FDA Approves Human Trials For Experimental HIV Vaccine

For those of us who grew up in the 80s as the HIV/AIDS epidemic was just starting, this is the kind of news that you’d never thought you’d see:

Canadian researchers received approval Tuesday from the U.S. Food and Drug Administration to begin testing an experimental and potentially breakthrough HIV vaccine on human subjects with the first phase of clinical trials scheduled for January, the National Post has reported.

The vaccine could be a milestone achievement in HIV prevention because it works similarly to existing vaccines for polio and the flu: by using whole samples of dead viruses to stimulate an immune response in recipients without causing them to contract the disease. The National Post has also reported that the vaccine has gone through preliminary toxicology tests without raising safety concerns.

“None of the researchers in the past have used this approach,” lead researcher Dr. Chil-Yong Kang, a virologist at the University of Western Ontario who has been working on the vaccine since 1987, said in an announcement.

These trials are likely to take years. They could end in failure, but hopefully they won’t. Nonetheless, along with the fact that men like Magic Johnson have shown us that HIV/AIDS can, if properly treated, be more of a chronic condition than a fatal disease, it is really fantastic news.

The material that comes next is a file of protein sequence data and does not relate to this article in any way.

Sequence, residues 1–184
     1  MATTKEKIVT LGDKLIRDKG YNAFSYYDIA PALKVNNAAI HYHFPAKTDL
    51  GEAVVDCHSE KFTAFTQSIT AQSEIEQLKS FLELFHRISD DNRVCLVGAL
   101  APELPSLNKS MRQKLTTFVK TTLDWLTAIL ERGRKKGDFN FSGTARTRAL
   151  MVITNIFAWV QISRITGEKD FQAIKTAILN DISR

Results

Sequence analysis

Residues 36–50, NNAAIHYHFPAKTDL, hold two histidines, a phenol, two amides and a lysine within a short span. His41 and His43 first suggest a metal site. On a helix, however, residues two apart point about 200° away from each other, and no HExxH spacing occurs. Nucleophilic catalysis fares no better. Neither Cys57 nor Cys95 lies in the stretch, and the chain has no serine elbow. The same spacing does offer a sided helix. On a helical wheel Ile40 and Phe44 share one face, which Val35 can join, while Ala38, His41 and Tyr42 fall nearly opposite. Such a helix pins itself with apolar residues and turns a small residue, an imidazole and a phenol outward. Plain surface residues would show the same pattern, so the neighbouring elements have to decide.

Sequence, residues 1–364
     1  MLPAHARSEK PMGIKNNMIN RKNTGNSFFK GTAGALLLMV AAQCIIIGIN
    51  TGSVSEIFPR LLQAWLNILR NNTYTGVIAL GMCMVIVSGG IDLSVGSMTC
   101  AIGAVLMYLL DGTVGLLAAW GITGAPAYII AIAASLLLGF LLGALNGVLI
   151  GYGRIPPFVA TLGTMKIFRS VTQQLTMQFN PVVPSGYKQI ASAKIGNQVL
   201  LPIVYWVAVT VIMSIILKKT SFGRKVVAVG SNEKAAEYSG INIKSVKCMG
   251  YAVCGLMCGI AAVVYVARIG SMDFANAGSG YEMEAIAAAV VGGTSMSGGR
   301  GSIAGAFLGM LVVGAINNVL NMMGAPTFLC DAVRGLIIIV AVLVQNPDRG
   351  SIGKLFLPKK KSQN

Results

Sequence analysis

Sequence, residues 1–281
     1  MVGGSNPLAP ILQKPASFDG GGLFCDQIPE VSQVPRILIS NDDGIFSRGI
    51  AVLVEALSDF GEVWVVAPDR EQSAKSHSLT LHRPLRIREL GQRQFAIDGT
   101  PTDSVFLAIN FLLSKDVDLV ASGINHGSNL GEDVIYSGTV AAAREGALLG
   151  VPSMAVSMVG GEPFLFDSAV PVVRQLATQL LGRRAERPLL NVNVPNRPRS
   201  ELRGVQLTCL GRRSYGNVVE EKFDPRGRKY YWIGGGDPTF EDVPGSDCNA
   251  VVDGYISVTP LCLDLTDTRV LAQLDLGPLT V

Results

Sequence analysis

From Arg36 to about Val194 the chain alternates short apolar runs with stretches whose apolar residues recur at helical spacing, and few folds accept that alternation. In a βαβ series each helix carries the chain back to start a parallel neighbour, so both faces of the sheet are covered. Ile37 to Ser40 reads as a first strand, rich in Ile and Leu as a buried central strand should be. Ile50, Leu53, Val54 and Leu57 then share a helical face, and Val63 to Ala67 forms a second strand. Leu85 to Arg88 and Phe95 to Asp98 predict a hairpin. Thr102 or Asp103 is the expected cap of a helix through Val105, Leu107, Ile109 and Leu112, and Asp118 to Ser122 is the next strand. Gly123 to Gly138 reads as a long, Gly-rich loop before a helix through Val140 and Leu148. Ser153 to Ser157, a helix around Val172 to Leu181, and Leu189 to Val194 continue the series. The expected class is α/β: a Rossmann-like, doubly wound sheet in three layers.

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Doug Mataconis
About Doug Mataconis
Doug Mataconis held a B.A. in Political Science from Rutgers University and J.D. from George Mason University School of Law. He joined the staff of OTB in May 2010 and contributed a staggering 16,483 posts before his retirement in January 2020. He passed far too young in July 2021.


  1. Gold Star for Robot Boy says:

    Honest question: If this vaccine works, does the evangelical Right come out against it because it may lead to more gay sex?

  2. David says:

    @Gold Star for Robot Boy: You have to ask? Look at the backlash on immunization against ovarian cancer.

  3. Brett says:

    This would be a godsend, although I’m wary – we’ve had attempts to create an HIV vaccine that didn’t pan out before.

  4. David says:

    @Brett: Agree. This one appears to have gone farther than the others that I am aware of, but not counting my chickens on this. It is nice that they found something that might work that they haven’t found any adverse reactions to yet. I’m cautiously hopeful (not even cautiously optimistic). Let the tests begin and maybe, just maybe, we can make this go the way of small pox, polio, etc.